Making Sense of Race, Class, and Gender Commonsense, Power, and Privilege in the United States
Using arresting case studies of how ordinary people understand the concepts of race, class, and gender, Celine-Marie Pascale shows that the peculiarity of commonsense is that it imposes obviousness-that which we cannot fail to recognize. As a result, how we negotiate the challenges of inequality in the twenty-first century may depend less on what people consciously think about "difference" and more on what we inadvertently assume. Through an analysis of commonsense knowledge, Pascale expertly provides new insights into familiar topics. In addition, by analyzing local practices in the context of established cultural discourses, Pascale shows how the weight of history bears on the present moment, both enabling and constraining possibilities. Pascale tests the boundaries of sociological knowledge and offers new avenues for conceptualizing social change.
Making Sense of Race, Class, and Gender offers an articulate analysis of some of the most important commonsense structures of everyday life, developing a sociology of language and representation that attends to both local interactional practices and widely-shared discursive formations. Scholars of social stratification, inequality, and social psychology should read this book. If they want to give their students an engaging, empirical examination of how race, class, and gender play out in everyday talk and interaction, this book is definitely for them.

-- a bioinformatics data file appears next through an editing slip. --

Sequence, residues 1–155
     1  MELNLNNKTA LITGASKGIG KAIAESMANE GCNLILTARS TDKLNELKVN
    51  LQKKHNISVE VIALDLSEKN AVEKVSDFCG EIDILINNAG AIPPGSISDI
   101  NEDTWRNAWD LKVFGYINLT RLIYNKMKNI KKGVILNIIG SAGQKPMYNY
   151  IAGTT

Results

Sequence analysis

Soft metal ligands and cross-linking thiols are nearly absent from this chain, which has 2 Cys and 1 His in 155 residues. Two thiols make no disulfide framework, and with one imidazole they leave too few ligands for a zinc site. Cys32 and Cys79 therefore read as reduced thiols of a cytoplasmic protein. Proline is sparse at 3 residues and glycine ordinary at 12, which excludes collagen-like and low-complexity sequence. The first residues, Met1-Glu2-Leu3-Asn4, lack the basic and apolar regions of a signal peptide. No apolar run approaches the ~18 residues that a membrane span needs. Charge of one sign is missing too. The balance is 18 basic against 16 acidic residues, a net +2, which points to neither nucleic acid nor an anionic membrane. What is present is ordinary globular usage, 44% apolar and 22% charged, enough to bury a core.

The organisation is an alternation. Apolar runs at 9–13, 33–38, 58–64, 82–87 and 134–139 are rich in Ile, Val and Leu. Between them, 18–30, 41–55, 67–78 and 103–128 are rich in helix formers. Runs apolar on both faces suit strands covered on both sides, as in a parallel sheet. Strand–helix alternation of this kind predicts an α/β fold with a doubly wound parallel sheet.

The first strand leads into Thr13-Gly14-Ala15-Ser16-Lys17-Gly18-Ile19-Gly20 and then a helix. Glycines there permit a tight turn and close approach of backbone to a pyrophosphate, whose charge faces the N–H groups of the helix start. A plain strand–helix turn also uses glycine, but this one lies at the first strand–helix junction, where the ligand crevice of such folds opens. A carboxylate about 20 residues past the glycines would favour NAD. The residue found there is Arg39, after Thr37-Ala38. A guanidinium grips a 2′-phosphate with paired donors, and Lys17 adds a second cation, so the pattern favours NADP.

—James A. Holstein, Professor, Marquette University
Pascale provides us with a superb, innovative study of the ways in which ordinary people make sense of race, class, gender, and sexuality in their everyday lives. Pascale's most courageous innovation is to place sociological, ethnographic, and post-modern discursive analysis in conversation with each other, and as tools for analysis, crossing traditionally fixed disciplinary boundaries. This is an eminently readable text in which theory is made clear and accessible, and in which ordinary people speak for themselves.
—Bettina Aptheker, Professor of Feminist Studies, University of California, Santa Cruz